The police service recorded 48,127 hate crimes between January and December 2010, which compares to 51,920 crimes in 2009.
ACPO has published hate crime data today for the period of 1st January to 31st December 2010, for the five monitored forms of hate crime classifications used by the criminal justice system.
In 2010, the police recorded 48,127 crimes where the victim, or any other person, perceived the criminal offence to be motivated by hostility based on a person’s race, religious belief, sexual orientation, disability or where the victim was perceived to be transgender. This compares with 51,920 crimes in 2009.
ACPO lead on equality, diversity and human rights, Chief Constable Stephen Otter, said:
“Hate crimes cause a great deal of fear among victims and communities. We are determined to reduce the harm caused by hate crime and as a service we have listened to victims’ groups who have told us that by publishing this data, confidence in the police and the wider criminal justice system would be improved.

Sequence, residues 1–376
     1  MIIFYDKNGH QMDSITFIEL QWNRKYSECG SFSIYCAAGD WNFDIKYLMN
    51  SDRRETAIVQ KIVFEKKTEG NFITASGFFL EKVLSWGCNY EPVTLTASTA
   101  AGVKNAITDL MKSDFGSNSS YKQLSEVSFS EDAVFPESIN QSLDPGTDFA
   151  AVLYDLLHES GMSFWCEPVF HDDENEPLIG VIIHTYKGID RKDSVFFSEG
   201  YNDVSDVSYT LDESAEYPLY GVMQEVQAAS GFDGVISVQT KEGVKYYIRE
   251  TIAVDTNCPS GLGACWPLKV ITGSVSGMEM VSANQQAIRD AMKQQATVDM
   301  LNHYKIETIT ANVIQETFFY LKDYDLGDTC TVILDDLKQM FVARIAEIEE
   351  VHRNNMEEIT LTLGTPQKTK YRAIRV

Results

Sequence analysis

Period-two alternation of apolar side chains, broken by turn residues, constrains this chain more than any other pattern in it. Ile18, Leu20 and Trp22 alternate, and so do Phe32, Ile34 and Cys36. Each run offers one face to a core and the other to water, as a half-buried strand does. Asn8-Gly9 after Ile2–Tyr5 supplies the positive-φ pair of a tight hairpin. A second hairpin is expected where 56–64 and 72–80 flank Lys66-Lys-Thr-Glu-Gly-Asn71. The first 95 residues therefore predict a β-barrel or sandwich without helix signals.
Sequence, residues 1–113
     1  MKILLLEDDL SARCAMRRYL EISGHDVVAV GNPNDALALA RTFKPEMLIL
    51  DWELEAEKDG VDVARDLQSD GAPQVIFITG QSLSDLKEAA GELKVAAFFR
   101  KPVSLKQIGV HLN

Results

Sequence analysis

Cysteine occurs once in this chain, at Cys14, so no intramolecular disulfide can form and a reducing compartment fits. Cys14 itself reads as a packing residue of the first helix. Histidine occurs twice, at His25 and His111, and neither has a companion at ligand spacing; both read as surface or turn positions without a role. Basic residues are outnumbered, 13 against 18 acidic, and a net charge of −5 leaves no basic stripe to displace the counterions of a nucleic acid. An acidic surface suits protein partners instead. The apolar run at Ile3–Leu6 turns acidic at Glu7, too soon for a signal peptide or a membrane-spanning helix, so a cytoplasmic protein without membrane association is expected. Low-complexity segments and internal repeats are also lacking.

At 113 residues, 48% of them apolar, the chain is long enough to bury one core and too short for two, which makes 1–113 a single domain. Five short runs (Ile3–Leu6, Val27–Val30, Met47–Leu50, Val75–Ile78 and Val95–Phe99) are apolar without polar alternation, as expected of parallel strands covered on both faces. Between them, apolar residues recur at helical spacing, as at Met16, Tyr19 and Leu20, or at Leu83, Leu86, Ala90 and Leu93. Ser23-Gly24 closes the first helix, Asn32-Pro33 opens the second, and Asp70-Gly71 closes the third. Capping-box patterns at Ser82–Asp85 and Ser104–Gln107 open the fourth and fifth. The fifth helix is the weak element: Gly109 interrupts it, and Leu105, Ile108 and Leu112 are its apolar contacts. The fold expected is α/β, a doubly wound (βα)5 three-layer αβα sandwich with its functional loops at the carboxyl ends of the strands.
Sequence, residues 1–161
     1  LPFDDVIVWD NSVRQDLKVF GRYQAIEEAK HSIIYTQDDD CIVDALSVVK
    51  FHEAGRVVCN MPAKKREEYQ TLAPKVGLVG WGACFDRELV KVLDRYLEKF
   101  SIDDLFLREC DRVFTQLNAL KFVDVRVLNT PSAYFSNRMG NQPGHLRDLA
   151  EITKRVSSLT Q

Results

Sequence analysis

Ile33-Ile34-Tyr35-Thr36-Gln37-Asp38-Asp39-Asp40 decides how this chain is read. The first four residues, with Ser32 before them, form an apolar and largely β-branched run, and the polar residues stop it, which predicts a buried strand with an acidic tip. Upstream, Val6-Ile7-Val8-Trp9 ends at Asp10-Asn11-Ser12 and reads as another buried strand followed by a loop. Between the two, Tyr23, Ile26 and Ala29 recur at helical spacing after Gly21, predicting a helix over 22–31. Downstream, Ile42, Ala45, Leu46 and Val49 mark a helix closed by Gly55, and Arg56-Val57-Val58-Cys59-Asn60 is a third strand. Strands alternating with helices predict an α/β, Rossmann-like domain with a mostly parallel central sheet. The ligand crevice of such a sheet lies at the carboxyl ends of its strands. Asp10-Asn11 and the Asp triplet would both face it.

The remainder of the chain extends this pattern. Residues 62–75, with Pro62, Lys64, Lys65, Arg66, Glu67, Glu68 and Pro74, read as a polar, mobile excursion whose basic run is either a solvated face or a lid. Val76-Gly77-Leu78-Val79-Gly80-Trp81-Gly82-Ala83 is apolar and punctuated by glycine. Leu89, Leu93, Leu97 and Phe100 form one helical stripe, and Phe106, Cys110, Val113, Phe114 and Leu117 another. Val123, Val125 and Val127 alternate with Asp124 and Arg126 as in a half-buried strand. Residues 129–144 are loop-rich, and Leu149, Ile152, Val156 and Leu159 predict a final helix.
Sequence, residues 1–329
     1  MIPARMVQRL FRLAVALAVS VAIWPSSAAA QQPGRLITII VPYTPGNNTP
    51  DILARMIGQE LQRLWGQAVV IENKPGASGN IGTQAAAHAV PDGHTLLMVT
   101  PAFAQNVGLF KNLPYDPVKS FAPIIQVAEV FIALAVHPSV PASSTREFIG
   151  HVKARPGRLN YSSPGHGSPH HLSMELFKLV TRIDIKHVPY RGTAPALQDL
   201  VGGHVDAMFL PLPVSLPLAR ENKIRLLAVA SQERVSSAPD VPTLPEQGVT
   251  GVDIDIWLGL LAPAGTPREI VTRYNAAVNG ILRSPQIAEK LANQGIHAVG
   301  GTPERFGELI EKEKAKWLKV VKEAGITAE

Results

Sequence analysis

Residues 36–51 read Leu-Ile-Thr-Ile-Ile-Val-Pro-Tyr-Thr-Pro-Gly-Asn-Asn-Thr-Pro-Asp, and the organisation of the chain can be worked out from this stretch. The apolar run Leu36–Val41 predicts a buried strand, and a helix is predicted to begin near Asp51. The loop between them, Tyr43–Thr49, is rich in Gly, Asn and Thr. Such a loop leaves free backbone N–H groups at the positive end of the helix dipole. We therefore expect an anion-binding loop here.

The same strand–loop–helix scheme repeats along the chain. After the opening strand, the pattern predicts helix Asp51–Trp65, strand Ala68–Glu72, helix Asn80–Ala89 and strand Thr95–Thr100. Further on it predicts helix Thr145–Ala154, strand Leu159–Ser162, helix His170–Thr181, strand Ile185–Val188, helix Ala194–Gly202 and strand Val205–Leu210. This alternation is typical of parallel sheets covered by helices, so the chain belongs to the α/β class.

“The 2010 data importantly shows increases in disability and transgender hate crime. While we would obviously want to see reductions in the incidence of all hate crime, we know that these crimes have been significantly under-reported in the past. We have committed to building victims’ confidence and improving our recording practices so that more victims can access the service they deserve. We continue to build on this improvement and I would encourage anyone who is a victim of hate crime to report it to their local police or to use True Vision, our online reporting facility at www.report-it.org.uk.”
Iqbal Bhana OBE DL, Deputy Chair of the Government’s Hate Crime Advisory Group, said:
“The continued publication of this data is to be welcomed. It represents a significant step forward in our understanding of the nature and extent of hate crime in England, Wales and Northern Ireland. The members of our advisory group come from a range of backgrounds but all recognise that the transparent reporting of hate crime is essential to give confidence to victims and communities.
“The UK is among world leaders in the way that it responds to hate crime, but there is still much work to do. One of the greatest challenges is to reduce the under-reporting of hate crime. I am particularly pleased to see the increases in disability hate crime as many tragic crimes have highlighted the need to improve services to victims. We have worked with government and ACPO to increase the reporting of such crimes, but we can not afford to let up on our efforts or be complacent. It is good to see progress but there is still a long way to go before we can be satisfied that hate crime victims are properly protected.”